Wednesday, April 06, 2011

Review: The Dragon’s Path by Daniel Abraham

Daniel Abraham became a critical favorite with his Long Prince Quartet that unfortunately never translated into wide popularity. As a result he has re-booted his career, writing under the pen names of James S.A. Corey and M.L.N. Hanover as well as Daniel Abraham, and switched publishers. Now he has a new fantasy quintet*, The Dagger and The Coin, with its first book, The Dragon’s Path recently released (Book Depository, Powell's Books, Indiebound). Where the Long Prince Quartet moved beyond the norms of epic fantasy such as the medieval European analog, The Dagger and The Coin, embraces many of epic fantasy’s traditional values and The Dragon’s Path is a promising start to this new series.

Abraham’s world is one in which humanity has risen from the ashes of a ruined civilization created by dragons. One of the many legacies of dragon rule is that humanity is the creation of 12 additional races of humanity. However, just how and why the dragon empire ended remains a mystery long lost to history.

The northern kingdom of Antea lets internal politics boil from its borders with an invasion of the Free City of Vanai to the south. This event sets the plot in motion for The Dragon’s Path as we follow four primary points of view – Geder: an outcast minor noble in the invading army, Dawson: a traditional and powerful noble working for the preservation of Antea, Marcus: a mercenary captain with a past, and Cithrin: a young ward of the Medean Bank. As the invasion nears, Cithrin is disguised and sent from Vanai with much of the wealth of the Vanai branch of the Medean Bank. Marcus is the captain of the caravan’s guards in which Cithrin is hidden. Dawson seeks to manipulate events in Vanai from afar and Geder finds himself tangled in the intrigue.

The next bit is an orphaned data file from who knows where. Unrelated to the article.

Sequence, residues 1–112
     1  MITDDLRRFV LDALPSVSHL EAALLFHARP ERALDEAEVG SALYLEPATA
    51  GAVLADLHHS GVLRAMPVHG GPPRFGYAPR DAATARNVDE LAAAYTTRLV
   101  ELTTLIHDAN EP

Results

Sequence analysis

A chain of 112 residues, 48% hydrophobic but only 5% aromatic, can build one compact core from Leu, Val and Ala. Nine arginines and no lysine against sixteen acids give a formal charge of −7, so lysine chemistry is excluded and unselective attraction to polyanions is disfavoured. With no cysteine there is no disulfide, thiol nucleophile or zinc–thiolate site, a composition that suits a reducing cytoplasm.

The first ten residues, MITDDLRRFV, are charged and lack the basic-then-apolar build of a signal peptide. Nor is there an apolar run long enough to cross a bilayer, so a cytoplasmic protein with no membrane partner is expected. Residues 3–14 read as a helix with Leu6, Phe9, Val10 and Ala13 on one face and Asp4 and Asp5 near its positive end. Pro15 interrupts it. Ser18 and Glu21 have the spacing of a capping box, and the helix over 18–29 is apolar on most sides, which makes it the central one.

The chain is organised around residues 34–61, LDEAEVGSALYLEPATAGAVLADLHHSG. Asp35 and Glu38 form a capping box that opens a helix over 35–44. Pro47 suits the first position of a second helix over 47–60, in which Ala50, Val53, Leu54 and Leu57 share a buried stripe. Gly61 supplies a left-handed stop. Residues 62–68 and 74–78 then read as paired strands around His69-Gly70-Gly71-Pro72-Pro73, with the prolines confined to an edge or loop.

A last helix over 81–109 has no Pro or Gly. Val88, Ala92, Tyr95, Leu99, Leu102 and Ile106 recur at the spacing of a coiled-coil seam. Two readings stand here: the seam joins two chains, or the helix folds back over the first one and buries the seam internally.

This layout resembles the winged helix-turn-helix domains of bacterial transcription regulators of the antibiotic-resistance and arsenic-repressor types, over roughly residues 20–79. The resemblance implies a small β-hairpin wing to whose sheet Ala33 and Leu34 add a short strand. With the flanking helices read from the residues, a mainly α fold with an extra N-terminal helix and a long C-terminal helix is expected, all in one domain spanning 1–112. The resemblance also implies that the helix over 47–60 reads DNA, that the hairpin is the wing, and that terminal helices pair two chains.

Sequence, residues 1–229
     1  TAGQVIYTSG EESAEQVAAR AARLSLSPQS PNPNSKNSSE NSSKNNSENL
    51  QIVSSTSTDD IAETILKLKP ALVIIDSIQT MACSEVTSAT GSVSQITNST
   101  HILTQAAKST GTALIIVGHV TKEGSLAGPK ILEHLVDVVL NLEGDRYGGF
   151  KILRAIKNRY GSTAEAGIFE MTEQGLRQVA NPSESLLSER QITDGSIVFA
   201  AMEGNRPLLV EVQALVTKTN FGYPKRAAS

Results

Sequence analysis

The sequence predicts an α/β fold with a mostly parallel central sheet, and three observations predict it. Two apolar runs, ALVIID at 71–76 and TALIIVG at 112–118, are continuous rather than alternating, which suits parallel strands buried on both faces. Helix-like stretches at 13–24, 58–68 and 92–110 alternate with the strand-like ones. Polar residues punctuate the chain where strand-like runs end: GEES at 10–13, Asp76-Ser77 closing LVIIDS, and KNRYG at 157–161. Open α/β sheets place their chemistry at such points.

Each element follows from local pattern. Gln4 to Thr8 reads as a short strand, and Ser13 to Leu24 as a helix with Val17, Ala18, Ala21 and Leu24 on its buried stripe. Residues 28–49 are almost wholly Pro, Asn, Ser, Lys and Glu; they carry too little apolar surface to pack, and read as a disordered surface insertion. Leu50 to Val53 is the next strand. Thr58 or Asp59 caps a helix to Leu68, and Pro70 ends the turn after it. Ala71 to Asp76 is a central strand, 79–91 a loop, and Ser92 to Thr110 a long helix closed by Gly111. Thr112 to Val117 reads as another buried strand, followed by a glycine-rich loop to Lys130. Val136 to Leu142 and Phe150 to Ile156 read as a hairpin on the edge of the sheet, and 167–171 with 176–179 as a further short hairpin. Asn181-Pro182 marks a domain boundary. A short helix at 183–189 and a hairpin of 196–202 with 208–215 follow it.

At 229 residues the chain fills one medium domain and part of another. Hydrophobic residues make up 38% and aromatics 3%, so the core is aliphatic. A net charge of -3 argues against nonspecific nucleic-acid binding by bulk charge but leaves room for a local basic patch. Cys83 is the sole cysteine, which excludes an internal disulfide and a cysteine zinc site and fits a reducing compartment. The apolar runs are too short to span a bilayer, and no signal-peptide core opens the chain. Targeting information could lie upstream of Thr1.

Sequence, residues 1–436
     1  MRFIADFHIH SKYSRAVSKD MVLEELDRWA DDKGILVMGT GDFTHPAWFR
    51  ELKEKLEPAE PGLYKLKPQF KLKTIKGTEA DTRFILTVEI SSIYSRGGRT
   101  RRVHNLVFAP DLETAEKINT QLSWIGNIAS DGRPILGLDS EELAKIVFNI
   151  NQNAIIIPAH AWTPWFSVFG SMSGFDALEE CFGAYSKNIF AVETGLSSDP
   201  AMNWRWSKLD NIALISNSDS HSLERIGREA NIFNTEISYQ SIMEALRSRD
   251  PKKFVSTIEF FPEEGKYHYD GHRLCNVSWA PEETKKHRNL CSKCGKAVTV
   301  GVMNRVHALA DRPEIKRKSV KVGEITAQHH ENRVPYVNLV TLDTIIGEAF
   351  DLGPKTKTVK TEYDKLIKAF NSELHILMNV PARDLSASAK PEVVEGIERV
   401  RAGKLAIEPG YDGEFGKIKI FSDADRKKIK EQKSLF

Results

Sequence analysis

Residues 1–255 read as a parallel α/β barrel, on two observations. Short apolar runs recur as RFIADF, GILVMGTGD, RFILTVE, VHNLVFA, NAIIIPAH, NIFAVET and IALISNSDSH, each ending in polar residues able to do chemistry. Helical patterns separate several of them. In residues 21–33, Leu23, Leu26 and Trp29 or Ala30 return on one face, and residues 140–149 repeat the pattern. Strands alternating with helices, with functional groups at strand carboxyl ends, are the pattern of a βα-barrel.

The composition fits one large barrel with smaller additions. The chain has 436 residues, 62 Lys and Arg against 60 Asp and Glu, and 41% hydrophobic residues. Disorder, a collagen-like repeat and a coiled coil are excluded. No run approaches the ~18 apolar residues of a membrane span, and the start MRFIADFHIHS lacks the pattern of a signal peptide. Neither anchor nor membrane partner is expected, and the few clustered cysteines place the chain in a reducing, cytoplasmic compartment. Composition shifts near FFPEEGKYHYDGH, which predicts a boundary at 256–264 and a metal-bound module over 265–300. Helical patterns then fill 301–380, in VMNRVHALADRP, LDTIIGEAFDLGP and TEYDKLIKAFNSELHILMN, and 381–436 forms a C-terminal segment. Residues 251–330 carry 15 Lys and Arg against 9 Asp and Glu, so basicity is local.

Abraham’s earlier fantasy series set out to be different from epic fantasy while The Dagger and The Coin sets out to engage the core of epic fantasy. However, it’s hard to call The Dragon’s Path a traditional epic fantasy with the twists in perception engineered by Abraham. Traditional fantasy may be embraced and honored, but its presentation is fresh.

One of the aspects that I enjoyed most in The Dragon’s Path is Abraham’s selection of the characters he tells the story through. While most will (correctly) point to Cithrin and Marcus as the most developed, most sympathetic and likeable characters and Geder as the most intriguing in terms of what is to come, Dawson gets left out. Dawson represents the traditional, conservative force so common in epic fantasy – the status quo. He is an elitist noble who thinks of everyone else as less than human, he is a bigot, and he thrives in a male-dominated, testosterone culture that is reprehensible to modern sensibility. In court politics he commands a faction that is defending against a rival group of younger nobles seeking reforms such as more power in the hands of the farmers and such. The twist is that most fantasy these days tells the story from the point of view of the reformers while Abraham chooses to tell the story from the point of view of the conservatives. It’s a classic battle of progress versus the status quo and I love how Abraham forces the reader to cheer for the traditional bad guys.